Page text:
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April 9, 2014

Jonathan Tobin: Why Did Kerry Lie About Israeli Blame?

Samuel G. Freedman: A resolution 70 years later for a father's unsettling legacy of ashes from Dachau

Jessica Ivins: A resolution 70 years later for a father's unsettling legacy of ashes from Dachau

Kim Giles: Asking for help is not weakness

Kathy Kristof and Barbara Hoch Marcus: 7 Great Growth Israeli Stocks

Matthew Mientka: How Beans, Peas, And Chickpeas Cleanse Bad Cholesterol and Lowers Risk of Heart Disease

Sabrina Bachai: 5 At-Home Treatments For Headaches

The Kosher Gourmet by Daniel Neman Have yourself a matzo ball: The secrets bubby never told you and recipes she could have never imagined

April 8, 2014

Lori Nawyn: At Your Wit's End and Back: Finding Peace

Susan B. Garland and Rachel L. Sheedy: Strategies Married Couples Can Use to Boost Benefits

David Muhlbaum: Smart Tax Deductions Non-Itemizers Can Claim

Jill Weisenberger, M.S., R.D.N., C.D.E : Before You Lose Your Mental Edge

Dana Dovey: Coffee Drinkers Rejoice! Your Cup Of Joe Can Prevent Death From Liver Disease

Chris Weller: Electric 'Thinking Cap' Puts Your Brain Power Into High Gear

The Kosher Gourmet by Marlene Parrish A gift of hazelnuts keeps giving --- for a variety of nutty recipes: Entree, side, soup, dessert

April 4, 2014

Rabbi David Gutterman: The Word for Nothing Means Everything

Charles Krauthammer: Kerry's folly, Chapter 3

Amy Peterson: A life of love: How to build lasting relationships with your children

John Ericson: Older Women: Save Your Heart, Prevent Stroke Don't Drink Diet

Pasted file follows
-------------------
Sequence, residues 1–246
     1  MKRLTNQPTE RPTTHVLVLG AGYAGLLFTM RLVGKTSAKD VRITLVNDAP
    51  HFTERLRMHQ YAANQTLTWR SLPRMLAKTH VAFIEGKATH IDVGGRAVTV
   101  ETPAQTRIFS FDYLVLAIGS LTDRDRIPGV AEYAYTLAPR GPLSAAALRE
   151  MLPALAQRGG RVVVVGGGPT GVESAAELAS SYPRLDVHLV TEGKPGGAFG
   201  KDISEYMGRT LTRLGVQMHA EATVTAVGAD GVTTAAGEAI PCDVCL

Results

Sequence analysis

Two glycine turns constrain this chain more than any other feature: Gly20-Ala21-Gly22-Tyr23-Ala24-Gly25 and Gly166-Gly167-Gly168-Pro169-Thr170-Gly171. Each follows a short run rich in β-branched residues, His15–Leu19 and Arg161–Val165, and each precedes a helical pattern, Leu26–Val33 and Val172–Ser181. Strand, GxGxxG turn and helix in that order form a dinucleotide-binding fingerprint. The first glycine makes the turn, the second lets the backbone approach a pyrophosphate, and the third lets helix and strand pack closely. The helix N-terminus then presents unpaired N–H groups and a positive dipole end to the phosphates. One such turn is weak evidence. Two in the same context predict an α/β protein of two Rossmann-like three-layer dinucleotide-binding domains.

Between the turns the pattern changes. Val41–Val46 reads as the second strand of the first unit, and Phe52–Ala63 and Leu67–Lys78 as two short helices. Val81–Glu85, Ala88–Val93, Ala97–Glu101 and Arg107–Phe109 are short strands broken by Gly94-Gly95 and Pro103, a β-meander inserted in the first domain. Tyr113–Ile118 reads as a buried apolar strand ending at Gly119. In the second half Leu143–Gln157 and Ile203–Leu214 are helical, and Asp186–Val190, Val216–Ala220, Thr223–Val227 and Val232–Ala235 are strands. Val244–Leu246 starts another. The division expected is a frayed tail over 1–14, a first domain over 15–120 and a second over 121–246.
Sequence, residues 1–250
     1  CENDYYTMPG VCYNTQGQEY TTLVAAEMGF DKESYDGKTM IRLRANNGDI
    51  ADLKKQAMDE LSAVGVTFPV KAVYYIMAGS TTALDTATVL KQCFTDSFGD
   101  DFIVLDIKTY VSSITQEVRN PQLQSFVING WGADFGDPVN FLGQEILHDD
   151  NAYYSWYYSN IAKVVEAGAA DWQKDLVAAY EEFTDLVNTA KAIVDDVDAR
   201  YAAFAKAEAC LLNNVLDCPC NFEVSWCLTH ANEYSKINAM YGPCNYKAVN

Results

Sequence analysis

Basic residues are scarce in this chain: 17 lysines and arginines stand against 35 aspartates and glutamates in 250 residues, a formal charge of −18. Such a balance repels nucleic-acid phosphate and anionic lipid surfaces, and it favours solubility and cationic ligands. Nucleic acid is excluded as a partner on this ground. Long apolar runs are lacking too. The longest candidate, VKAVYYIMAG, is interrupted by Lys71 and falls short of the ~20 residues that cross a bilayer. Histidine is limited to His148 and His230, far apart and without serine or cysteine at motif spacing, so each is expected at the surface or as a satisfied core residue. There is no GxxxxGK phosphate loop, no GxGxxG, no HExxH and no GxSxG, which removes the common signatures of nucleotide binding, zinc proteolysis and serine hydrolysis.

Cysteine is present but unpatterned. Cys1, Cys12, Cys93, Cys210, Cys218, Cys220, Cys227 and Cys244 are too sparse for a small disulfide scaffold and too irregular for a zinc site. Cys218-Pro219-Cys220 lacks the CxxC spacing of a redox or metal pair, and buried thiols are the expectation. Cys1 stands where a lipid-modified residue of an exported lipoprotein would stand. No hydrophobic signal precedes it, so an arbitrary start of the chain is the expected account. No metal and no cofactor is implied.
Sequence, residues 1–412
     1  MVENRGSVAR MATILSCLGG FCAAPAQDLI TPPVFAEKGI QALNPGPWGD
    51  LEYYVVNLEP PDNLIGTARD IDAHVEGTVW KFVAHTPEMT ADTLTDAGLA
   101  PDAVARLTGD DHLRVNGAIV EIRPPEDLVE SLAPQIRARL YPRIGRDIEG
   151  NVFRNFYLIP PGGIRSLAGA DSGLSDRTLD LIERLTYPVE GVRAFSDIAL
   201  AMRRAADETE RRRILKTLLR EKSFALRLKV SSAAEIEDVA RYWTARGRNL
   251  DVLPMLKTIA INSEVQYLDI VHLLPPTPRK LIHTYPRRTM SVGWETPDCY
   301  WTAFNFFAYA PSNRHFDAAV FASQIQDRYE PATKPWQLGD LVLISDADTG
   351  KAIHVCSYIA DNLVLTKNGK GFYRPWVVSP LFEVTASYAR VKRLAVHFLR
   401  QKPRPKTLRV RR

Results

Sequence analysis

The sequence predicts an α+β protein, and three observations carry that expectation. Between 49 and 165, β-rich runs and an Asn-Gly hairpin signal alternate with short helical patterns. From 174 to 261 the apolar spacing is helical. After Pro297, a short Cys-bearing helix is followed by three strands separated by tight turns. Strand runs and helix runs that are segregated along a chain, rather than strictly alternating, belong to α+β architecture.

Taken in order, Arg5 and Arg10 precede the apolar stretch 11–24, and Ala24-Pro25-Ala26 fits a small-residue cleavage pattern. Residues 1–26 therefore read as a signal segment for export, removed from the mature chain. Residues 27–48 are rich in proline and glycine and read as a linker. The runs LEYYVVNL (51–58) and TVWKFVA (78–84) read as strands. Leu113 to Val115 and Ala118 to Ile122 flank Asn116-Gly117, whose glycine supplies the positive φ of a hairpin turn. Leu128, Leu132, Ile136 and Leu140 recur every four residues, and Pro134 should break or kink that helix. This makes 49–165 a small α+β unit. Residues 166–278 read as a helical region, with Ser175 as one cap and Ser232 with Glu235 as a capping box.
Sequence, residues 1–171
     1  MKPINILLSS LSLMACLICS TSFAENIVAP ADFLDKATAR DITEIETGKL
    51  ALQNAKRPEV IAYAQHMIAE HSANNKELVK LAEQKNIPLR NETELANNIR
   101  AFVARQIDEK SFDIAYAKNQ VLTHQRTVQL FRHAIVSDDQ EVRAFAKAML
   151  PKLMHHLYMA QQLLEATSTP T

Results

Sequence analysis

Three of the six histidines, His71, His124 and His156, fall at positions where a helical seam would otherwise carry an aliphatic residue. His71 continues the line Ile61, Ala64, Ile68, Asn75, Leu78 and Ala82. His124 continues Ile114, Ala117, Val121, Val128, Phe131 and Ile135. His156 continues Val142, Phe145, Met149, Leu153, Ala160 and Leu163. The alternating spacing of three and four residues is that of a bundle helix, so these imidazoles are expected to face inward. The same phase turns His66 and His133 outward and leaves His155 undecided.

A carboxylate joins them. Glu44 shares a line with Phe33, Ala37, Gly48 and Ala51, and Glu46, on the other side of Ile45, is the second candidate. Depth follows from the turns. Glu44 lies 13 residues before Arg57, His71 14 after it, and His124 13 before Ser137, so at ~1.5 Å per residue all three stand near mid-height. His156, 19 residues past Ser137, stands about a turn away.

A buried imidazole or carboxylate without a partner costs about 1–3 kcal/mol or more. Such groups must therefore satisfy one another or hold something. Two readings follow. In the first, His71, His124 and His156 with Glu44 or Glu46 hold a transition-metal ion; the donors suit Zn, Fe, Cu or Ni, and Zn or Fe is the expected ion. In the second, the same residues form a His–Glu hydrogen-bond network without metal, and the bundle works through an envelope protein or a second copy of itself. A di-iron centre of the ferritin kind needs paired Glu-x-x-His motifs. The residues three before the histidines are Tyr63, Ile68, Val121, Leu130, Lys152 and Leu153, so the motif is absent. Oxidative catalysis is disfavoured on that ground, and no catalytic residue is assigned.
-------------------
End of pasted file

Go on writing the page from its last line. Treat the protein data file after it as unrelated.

John Ericson: Why 50 million Americans will still have spring allergies after taking meds

Cameron Huddleston: Best and Worst Buys of April 2014

Stacy Rapacon: Great Mutual Funds for Young Investors

Sarah Boesveld: Teacher keeps promise to mail thousands of former students letters written by their past selves

The Kosher Gourmet by Sharon Thompson Anyone can make a salad, you say. But can they make a great salad? (SECRETS, TESTED TECHNIQUES + 4 RECIPES, INCLUDING DRESSINGS)

April 2, 2014

Paul Greenberg: Death and joy in the spring

Dan Barry: Should South Carolina Jews be forced to maintain this chimney built by Germans serving the Nazis?

Mayra Bitsko: Save me! An alien took over my child's personality

Frank Clayton: Get happy: 20 scientifically proven happiness activities

Susan Scutti: It's Genetic! Obesity and the 'Carb Breakdown' Gene

Lecia Bushak: Why Hand Sanitizer May Actually Harm Your Health

Stacy Rapacon: Great Funds You Can Own for $500 or Less

Cameron Huddleston: 7 Ways to Save on Home Decor

The Kosher Gourmet by Steve Petusevsky Exploring ingredients as edible-stuffed containers (TWO RECIPES + TIPS & TECHINQUES)

Jewish World Review Dec. 15, 2006 / 24 Kislev, 5767

In Baker's blunder, a chance for Bush

By Charles Krauthammer


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http://www.JewishWorldReview.com | As a result of the Iraq Study Group, President Bush has been given one last chance to alter course on Iraq. This did not, however, come about the way James Baker intended. It came about because the long-anticipated report turned out to be, as is widely agreed, a farce. From its wildly hyped, multiple magazine-cover rollout (Annie Leibovitz in Men's Vogue, no less) to its mishmash of 79 (no less) recommendations, the report has fallen so flat that the field is now clear for the president to recommend to a war-weary country something new and bold.


The study group has not just been attacked by left and right, Democrat and Republican. It has invited ridicule. Seventy-nine recommendations. Interdependent, insists Baker. They should be taken as a whole. "I hope we don't treat this like a fruit salad and say, 'I like this but I don't like that.' " On the basis of what grand unifying vision? On the authority of what superior wisdom? A 10-person commission including such Middle East experts as Sandra Day O'Connor, Alan Simpson and Vernon Jordan?